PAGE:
A Note from the Book Boost: I'm both intrigued and terrified of the notion that magic is simply something that hasn't been "discovered" or learned to use properly. Imagine the possibilities. Great, thought-provoking post. Thanks for joining us today, J.E. Please tell us more about your latest!
Nicholas Hughes has finally gone to ground, but that doesn’t mean that he’s done running, or that Scarlet’s done chasing. When last he saw her, she promised to take his head, but when next he hears of her, she’s waist deep in trouble and he’s the only one that can help her out of it.
This time the problem isn’t so much choice. It’s price. After all, he has his own battle to fight, with things speaking into his ear and looking over his shoulder. She told him too that all debts
come due, and among all the shadows, it’s difficult to see the face of the clock that’s counting down.
He’s not in Bay City anymore, but then again, Nick also isn’t the same man, but that doesn’t mean the man he’s become won’t regret the decisions made by the man he was.
“I need your help,” Scarlet said, followed by a snicker and a chuckle from the darkness.
“Well, supposing you do, you certainly went through more trouble than most people would to get it. Call the police.” That sounded like the conversation was over.
“He is an exile from the Academy.” Scarlet had bought into the sniper story. She did not move. “I trust you know what that means.” After another moment, the darkness spoke again.
“Well, we aren’t an assassination squad. We go where we’re needed,”
“By the time he makes himself overtly known it will be too late. I’ve been tracking him,”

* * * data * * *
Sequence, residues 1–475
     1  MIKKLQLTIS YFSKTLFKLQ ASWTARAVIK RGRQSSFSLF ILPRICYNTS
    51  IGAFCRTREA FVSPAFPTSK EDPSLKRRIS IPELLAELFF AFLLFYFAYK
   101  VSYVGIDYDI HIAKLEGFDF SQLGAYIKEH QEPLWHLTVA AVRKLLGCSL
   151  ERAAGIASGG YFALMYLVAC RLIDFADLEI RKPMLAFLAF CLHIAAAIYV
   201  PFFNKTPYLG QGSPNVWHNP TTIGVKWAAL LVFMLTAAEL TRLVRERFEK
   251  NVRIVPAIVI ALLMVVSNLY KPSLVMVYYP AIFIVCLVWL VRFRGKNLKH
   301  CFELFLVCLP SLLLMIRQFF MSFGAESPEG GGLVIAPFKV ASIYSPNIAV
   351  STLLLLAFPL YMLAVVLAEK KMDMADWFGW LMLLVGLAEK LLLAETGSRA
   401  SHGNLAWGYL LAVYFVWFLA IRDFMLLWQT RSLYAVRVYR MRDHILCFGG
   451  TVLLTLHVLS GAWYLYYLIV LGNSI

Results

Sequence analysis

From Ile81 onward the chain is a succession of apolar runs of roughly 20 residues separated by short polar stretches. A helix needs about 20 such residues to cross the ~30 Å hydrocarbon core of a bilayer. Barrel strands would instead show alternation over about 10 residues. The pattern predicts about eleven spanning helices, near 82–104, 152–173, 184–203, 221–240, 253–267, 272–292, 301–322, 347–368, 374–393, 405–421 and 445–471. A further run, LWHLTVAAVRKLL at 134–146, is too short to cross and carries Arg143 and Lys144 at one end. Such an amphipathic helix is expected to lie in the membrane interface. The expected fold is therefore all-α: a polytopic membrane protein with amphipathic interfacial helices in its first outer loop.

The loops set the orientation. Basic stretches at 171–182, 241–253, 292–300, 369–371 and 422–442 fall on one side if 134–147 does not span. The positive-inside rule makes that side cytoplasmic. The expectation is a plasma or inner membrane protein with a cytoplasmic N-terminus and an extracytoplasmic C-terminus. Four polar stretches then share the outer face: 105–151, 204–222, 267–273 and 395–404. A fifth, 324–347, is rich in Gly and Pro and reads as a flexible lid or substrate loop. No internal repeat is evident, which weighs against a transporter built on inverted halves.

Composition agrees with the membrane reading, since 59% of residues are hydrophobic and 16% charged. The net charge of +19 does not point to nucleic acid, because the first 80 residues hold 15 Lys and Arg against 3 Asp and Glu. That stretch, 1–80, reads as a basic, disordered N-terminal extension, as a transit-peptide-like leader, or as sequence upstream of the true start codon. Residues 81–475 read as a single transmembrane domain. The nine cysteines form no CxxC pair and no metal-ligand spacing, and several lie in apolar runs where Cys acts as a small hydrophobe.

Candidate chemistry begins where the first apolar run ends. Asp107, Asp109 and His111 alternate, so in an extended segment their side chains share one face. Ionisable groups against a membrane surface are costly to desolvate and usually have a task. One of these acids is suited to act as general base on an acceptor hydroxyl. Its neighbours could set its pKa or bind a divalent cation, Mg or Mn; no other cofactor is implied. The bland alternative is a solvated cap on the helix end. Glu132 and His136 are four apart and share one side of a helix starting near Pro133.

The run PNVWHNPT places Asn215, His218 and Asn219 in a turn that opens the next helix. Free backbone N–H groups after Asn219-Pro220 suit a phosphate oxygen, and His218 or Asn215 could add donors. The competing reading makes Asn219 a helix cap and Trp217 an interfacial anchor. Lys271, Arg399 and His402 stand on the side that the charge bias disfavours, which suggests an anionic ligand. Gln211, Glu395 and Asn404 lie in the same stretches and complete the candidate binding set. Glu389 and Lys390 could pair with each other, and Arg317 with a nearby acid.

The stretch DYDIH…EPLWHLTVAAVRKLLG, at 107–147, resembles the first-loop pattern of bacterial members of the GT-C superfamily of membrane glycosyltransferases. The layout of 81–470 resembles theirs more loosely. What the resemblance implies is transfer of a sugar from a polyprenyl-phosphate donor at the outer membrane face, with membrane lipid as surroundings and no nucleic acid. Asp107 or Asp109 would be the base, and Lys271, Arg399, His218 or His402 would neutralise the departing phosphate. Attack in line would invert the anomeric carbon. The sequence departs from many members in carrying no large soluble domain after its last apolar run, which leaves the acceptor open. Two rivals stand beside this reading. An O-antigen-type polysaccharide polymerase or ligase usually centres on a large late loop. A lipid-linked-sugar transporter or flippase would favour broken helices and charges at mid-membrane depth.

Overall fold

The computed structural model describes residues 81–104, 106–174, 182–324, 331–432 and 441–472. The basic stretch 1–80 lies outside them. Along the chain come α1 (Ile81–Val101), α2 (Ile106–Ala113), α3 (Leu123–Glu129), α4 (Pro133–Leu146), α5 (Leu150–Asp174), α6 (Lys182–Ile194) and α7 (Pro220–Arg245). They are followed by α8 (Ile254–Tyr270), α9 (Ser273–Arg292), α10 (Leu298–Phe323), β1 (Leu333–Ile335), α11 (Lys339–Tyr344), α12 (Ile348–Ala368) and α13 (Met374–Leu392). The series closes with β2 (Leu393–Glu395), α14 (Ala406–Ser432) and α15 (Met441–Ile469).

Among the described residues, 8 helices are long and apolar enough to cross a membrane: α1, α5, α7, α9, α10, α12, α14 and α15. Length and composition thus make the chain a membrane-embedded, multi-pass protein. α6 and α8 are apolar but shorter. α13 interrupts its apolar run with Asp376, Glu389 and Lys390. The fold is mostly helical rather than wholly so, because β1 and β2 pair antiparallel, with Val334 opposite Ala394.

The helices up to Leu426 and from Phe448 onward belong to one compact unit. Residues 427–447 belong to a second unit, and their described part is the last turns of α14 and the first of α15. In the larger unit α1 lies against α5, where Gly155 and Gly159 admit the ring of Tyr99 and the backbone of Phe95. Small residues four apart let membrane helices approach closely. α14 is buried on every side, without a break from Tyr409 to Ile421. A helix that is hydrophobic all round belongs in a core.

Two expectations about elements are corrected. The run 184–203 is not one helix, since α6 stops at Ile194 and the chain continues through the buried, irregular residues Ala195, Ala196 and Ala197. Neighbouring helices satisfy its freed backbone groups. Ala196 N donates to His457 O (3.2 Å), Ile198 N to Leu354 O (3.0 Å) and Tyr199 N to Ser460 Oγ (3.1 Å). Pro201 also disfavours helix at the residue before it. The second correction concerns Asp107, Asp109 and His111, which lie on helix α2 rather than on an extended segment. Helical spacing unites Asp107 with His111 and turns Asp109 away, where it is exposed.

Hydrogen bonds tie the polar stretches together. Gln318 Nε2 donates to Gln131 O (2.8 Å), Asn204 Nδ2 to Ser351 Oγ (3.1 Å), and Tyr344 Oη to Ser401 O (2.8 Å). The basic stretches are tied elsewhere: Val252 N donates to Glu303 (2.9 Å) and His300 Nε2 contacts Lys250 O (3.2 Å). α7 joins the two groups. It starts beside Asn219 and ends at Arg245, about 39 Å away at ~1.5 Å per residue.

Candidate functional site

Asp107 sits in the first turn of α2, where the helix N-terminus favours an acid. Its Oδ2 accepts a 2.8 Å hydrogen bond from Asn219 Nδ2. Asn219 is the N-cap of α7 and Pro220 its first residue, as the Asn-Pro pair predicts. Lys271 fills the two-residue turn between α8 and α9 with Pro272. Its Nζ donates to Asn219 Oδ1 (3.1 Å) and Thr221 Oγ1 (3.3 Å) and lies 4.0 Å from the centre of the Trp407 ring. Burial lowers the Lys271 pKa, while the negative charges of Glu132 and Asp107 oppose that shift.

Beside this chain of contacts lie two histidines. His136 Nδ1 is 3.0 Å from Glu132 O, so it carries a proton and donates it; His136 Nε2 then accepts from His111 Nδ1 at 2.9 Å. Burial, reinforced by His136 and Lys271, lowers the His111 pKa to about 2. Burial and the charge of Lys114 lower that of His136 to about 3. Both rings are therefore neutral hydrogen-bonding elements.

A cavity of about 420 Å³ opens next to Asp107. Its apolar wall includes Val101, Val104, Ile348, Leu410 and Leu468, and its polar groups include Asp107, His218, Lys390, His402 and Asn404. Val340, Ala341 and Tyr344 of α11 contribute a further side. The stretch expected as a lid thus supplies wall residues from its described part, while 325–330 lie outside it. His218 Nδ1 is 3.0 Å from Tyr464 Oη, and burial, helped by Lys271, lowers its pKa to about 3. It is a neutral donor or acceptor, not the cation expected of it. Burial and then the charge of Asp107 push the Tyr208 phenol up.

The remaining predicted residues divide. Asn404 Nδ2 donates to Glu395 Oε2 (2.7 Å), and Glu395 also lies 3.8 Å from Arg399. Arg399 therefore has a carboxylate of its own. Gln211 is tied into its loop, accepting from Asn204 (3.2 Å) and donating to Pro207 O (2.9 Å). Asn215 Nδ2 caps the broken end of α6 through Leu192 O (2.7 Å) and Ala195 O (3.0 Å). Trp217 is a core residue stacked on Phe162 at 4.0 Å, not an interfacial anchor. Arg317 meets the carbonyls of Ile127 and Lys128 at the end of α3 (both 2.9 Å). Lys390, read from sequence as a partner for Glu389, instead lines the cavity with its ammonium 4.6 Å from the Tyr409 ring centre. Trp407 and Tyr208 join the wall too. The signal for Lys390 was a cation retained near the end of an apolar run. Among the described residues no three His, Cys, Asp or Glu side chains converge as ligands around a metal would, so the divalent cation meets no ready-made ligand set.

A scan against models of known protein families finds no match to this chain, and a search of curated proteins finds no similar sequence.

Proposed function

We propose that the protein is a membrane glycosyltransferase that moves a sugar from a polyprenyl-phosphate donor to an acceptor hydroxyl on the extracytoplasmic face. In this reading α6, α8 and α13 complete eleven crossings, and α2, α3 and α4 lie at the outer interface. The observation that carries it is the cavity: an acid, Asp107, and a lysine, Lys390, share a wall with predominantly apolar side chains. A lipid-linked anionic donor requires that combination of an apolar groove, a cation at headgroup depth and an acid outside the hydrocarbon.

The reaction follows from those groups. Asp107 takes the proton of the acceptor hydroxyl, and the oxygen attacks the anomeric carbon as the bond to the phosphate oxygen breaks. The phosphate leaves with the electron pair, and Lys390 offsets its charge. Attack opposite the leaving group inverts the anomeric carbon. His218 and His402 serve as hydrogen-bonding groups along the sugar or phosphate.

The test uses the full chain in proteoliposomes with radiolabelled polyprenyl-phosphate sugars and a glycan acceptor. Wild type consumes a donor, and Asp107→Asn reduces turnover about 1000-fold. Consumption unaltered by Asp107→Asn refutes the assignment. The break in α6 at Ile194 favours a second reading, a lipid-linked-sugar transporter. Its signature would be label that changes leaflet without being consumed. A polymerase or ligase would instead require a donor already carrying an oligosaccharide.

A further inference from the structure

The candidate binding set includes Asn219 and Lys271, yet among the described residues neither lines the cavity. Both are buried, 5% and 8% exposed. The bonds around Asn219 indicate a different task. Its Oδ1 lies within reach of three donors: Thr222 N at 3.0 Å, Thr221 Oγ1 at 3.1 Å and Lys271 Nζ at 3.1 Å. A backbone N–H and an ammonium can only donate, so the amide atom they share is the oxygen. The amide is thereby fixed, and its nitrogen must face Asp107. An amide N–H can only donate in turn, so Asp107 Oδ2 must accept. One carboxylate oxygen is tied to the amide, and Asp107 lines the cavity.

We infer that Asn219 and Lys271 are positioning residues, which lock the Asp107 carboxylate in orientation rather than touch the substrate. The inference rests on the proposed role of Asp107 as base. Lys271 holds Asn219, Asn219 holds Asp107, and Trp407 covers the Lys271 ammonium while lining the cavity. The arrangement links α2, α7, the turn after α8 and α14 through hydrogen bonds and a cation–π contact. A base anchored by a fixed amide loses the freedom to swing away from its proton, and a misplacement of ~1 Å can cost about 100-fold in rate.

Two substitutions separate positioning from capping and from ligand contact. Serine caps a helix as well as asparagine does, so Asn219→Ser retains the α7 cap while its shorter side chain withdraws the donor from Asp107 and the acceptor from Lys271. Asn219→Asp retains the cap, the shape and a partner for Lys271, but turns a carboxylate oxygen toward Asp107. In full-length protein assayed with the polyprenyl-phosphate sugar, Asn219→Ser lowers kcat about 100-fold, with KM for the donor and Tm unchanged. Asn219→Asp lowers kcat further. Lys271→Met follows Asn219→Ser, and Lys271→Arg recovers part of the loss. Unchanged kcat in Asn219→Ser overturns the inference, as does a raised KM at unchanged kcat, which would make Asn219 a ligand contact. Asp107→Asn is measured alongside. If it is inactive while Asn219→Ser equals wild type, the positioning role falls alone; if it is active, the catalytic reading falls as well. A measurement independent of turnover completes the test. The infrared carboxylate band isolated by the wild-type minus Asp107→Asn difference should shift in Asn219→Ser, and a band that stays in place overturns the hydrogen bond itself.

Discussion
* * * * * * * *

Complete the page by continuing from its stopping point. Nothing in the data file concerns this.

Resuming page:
“And you lost him,” the interruption stung the pride. Scarlet nodded.
“Yes, he was in league with a vampire and a lycanthrope, and together they killed those with me,” but it would have been more correct to say the ones she was with.
“And you survived?”
“Yes.” The answer sounded ridiculous even to her ears. For a brief moment, she thought she might actually be shot and left dead on the side of the highway in the middle of nowhere. In the moment after the bullet didn’t arrive, she briefly contemplated her situation more objectively. She had to accept that she was alive for reasons out of her control.
A broad, plain-faced woman stepped from the shadows beneath the overpass. Her dress didn’t say stalker. It said farm-wife. A plaid shirt and blue jeans with her hair pulled back, she was wearing work boots and holding a shotgun trained steadily on Scarlet. She was cautious, and yet confident. At ten feet distant, she stopped.
“Well, you look like maybe you could play the part,” the woman said. Up close, she was somewhat tall, too. “If I put your story together right, then that makes you,”
“Just like you.” Scarlet jumped at the opportunity to interrupt her. Strangely, the woman smiled. She was more handsome when she emoted, but only slightly.
“Not so much. I gather we do things a little differently here in the new world. You sound like a foreigner. Where you coming from recently?”